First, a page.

Artist Dylan Mooney Is Redefining Representation of His Communities

Dylan Mooney with Growing Together (2021)

This thought-provoking artist is redefining representations of his communities.

When Dylan Mooney arrived in Sydney from Brisbane for WorldPride last February and looked up at Still Thriving – his 14-storey-tall mural on Darlinghurst's Top of the Town building of two young First Nations men holding each other – he was speechless. “It was surreal,” says the 28-year-old Yuwi, Torres Strait and South Sea Islander artist, who will show a solo exhibition at Sydney’s N.Smith Gallery later this year. “You hope it’ll make an impact on people walking by. Maybe it will resonate or support them.”

Still Thriving (2023) in Sydney's Darlinghurst

Mooney embraced art as a teenager, the oldest of seven children growing up in Mackay, North Queensland. His first love was drawing but at university, influenced by contemporary First Nations artists Tony Albert and Judy Watson, Mooney began sharing stories and social commentary via digital illustration, scanning his sketches onto a computer and using a stylus to draw on screen. Legally blind, Mooney could zoom in and add detail without the headache-inducing eye strain of conventional drawing or painting. “I can also create colours I wouldn’t necessarily get on paper,” he says.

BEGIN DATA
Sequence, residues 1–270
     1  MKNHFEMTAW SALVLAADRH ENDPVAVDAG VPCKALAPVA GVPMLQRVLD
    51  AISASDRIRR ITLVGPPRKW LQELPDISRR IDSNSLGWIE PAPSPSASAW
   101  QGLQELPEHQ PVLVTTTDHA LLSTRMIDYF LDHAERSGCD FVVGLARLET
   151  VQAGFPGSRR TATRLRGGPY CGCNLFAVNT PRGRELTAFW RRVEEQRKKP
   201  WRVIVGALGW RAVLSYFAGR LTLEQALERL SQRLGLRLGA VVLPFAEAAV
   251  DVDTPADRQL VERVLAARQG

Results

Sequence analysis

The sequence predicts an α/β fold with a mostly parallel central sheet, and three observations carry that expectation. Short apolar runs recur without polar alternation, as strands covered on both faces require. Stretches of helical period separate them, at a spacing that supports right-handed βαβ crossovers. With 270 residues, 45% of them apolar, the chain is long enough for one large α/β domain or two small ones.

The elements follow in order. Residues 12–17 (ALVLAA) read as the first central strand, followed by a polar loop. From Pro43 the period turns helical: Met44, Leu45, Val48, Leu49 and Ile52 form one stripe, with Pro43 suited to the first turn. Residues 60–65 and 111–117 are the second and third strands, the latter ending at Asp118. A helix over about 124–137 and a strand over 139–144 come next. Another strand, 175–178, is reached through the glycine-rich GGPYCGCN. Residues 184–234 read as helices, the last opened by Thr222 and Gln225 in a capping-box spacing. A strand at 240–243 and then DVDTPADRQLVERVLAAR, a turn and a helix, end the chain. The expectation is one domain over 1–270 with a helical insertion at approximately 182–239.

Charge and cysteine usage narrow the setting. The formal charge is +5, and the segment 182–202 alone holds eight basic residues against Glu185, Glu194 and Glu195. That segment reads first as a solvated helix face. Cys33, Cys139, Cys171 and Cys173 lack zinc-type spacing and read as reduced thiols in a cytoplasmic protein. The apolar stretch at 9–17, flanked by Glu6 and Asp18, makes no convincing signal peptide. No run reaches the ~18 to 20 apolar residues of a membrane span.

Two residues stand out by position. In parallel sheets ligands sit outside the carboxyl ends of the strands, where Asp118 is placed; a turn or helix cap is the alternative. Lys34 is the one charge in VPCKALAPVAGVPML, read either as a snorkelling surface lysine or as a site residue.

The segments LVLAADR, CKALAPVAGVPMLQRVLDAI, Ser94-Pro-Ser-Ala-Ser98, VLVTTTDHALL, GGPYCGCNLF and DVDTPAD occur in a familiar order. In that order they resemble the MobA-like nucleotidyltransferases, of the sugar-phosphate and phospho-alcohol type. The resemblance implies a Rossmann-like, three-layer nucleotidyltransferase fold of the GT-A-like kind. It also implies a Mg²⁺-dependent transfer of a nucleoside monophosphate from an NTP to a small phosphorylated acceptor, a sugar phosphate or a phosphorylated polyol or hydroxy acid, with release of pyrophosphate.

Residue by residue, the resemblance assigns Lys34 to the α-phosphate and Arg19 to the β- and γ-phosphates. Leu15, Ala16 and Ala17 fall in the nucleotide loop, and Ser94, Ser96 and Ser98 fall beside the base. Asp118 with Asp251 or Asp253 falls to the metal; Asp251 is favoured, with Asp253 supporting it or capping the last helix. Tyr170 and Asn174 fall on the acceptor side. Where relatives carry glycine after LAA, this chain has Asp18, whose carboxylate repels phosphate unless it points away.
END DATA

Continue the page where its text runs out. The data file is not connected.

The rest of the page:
Inspired by superhero comics and movies, Mooney’s romantic, boldly coloured works have attracted a 50,000-plus Instagram following as well as high-profile commissions, including a Rolling Stone cover and a Google homepage doodle. His work will also be included in this year's Biennale of Sydney, which starts in March.

In 2021, he created artwork for the Our Islands, Our Home campaign, calling for action to save the Torres Strait Islands from rising sea levels. The following year, when Ben & Jerry’s launched a new ice-cream flavour called This Is Our Whirled, Mooney designed the packaging, which asked all Australians to support Torres Strait Traditional Owners in their plight. Tying together communities that have historically faced so many hurdles, Mooney lists his themes as resilience, survival and reflection. “We all deserve to be loved,” he says. “We’re all worthy. I’m just putting it out there.”

Exhibited at: National Gallery of Victoria, Melbourne; Art Gallery of NSW, Sydney; Museum of Brisbane and Queensland Museum, Brisbane

What the experts say: “There’s a raw emotion that emanates from Mooney’s portraits… It’s a beautiful defiance; an unwavering statement of selfhood and pride.” – Giselle Au-Nhien Nguyen, Art Guide Australia.

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SEE ALSO: How Jeanne Johns Keeps Calm in a Crisis

Image credit: Rhett Hammerton, Chris Southwood

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